Is Pregnancy a Disability Under the ADA?
Feds issue new enforcement guidelines on pregnancy discrimination
Even though women have been a presence in the workforce for generations now, the laws surrounding how pregnant women are treated on the job are still evolving.
That’s especially true when it comes to workplace safety. However, a recent ruling by the Supreme Court brought pregnant women’s rights to safe working conditions into sharper focus. (See our blog posts about the case here and here.)
As a result of that decision, the Equal Employment Opportunity Commission (EEOC) has just issued updated guidance on pregnant women’s rights in the workplace. Keep in mind, any time the EEOC updates guidelines on a specific topic, it’s often a safe bet to assume that the agency will make the issue an enforcement priority.
Let’s dig in and take a closer look at what the guidelines say.
Supreme Court Leads the Charge
The updated EEOC guidance pertains to the Supreme Court ruling in Young v. UPS.
In that case, the Court determined that it was unlawful for a company to allow non-pregnant workers to do light-duty work, but then deny that opportunity to women who were pregnant.
The Court stated that even though a policy may be intended to be neutral, it could still have an unfair impact on pregnant women.
For example, say a company has a policy that no one is allowed light-duty work unless he or she is recovering from a workplace injury. That policy may have a disparate impact on pregnant women, because they may have been denied light-duty in disproportionately larger numbers than the rest of the workforce.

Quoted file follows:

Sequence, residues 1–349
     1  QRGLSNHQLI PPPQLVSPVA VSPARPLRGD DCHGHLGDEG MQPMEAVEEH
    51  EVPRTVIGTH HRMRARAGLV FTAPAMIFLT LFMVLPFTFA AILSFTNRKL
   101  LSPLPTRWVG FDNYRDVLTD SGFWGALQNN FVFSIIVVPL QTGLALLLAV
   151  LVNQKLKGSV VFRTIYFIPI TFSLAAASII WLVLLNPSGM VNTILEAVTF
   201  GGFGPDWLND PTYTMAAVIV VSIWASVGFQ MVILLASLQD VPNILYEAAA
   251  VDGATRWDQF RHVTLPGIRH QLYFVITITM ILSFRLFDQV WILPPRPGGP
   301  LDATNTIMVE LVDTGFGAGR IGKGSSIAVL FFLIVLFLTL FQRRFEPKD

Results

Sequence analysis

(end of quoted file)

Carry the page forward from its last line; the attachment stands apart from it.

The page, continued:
How the ADA Factors In
While the Supreme Court ruling didn’t discuss pregnancy in relation to the Americans with Disabilities Act (ADA), the EEOC made special mention of this relationship in its notice about the updated guidelines.
Specifically, it noted that while pregnancy itself may not be considered a disability, expansions to the ADA mean that many more pregnancy-related conditions may qualify pregnant women to ADA protection.
For instance, if a woman suffers from carpal tunnel syndrome related to her pregnancy, she could be entitled to accommodations under the ADA.
Contact Murphy Law for a Free Consultation
Employment issues related to pregnancy can be particularly complicated, as they may relate multiple federal regulations. If you’ve been treated unfairly because of pregnancy or a pregnancy-related issue, it’s best to speak to an attorney.
Email us at firstname.lastname@example.org, or call (267) 273-1054 for a free consultation.